It is not 7.5V AC, it is 7.5V DC. And no, other pins vary:

View attachment 1351267
Correct, I measured the same, within a few percent. Note the you can't measure the voltage on the decoupling pins (or on the capacitors) simply by a DMM. It is because the usual 10 Megohm input resistance of the DMM will act as a "leakage" resistor parallel with the capacitor. The voltage that you read on the instrument is not valid.
The correct method is to use a variable auxiliary voltage 0 to -10 V, and connect a null voltage indicator (electrometer, can be a DMM) between this variable voltage and the DEM capacitor pin. Then null out the indicator and measure the variable voltage.
But you don't have to measure it, others have done it .

#### ThorstenL

-2 mA offset current compensation

2.5 k resistor to +5 V is a bad idea

Depends how noisy the +5V line is...
https://www.diyaudio.com/community/...ac-using-tda1541a.79452/page-452#post-7763412
In my test setup I used LM2940T-5 voltage regulator. I found that the noise at the analog output is horrible. It is because the noise voltage of the regulator is 150 uVrms, that means 60 nA on the 2.5 k resistor. This is the amount of the LSB current. Philips CD960 / Marantz CD-94 used a filtering as per the attached picture. I used a CCS made of a 2N3819 jFET.

For AMR CD-77 I did this:

1k & 1,000uF give ~0.16Hz turnover and with >100mOhm ESR for the capacitor we expect 80dB maximum noise attenuation for the supply rail noise, above ~ 1Hz - so comparable to the TDA1541 own PSRR. so our 20uV TL431 noise get squashed to ~ 2nV and noise cuerrnt via 1.5kOhm of ~ 1.33pA.

As alternative for the "KISS" crowd.

Could even use 510R & 2,200uF shared between channels. for a total of 3 resistors and one cap.

It is however better to let the I/U converter absorb the current and return it to +5V (together with signal current).

Incidentally, it also reveals the supply decoupling combo I used, 47uF/16V Os-Con, 10uF/50V likely X7R in 1206 or so, 0.1uF X2Y feedthrough capacitor.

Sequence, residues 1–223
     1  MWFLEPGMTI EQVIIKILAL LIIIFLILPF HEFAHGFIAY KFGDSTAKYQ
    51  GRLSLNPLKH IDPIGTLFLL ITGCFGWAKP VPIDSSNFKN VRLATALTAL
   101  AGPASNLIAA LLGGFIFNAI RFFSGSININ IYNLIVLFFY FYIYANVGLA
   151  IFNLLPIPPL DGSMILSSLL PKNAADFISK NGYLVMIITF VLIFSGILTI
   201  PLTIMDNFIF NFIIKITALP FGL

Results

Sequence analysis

Thor

1 user

#### Zoran

It is not 7.5V AC
It shoud be some "ac", becuse in formua for F, used AC current p-p and "2pfj" is circular so the variable of voltage shoul aloso be from the same unit pool...

Zworst case is = Vworst case / Iwors case
whrere Vwc is from [Vdc] and Iwc [Idc] from Iref as dc unit mA...
So it is not "Zwc" as unit persumed as Z(f)wc,
but Rwc and eventual chages in the % even a constant they not from periodical units, and cant be used togather with
w=(2PiFj) as pure periodical or AC if You like?
...
I dont know,
maybe in just one case we can neglect the "miixing" of units when the Rwc=1 (Not less or equal but just equal...)
And from that persumption recalculate all other values. But than % wil be pointless, it will be the result not the input factor parameter?
It is not complicated I will make a new sheet.

#### ThorstenL

Decoding the inputs...

We have talked a lot about the inputs. After some tries of making a working model, I concluded that a PNP differential circuit is not applicable. I cannot get it to work well enough with much better transistors than the PNP's that could have been made on the TDA1541 silicon.

So I looked at how TTL to PECL/CML translation is done. Like this:

The biasing to the right including the first NPN would be shared among the 4 inputs.

Of course it works beautifully to make a differential CML signal from our TTL input. It would suit the really slow PNP too...

So I dropped the input circuit around the PNP only into my sim of the signal conditioning:

First case, driven from a low impedance 3.3V CMOS pin (a TTL pin as on SAA7220 would be similar)

We can see nearly 20mA current spikes in the PNP collector (which if you look closely goes to substrate in the PECL circuit because these PNP's were really b!tchy to make, it would be the same on TDA1541.

And we can see current spikes of 20mA at twice the frequency of the signal!

With the speed limited and diode clipped signal we get a lot less current into the substrate, around 40 X (32dB) improvement:

But I think we now also have a more objective view of this phenomenon as well.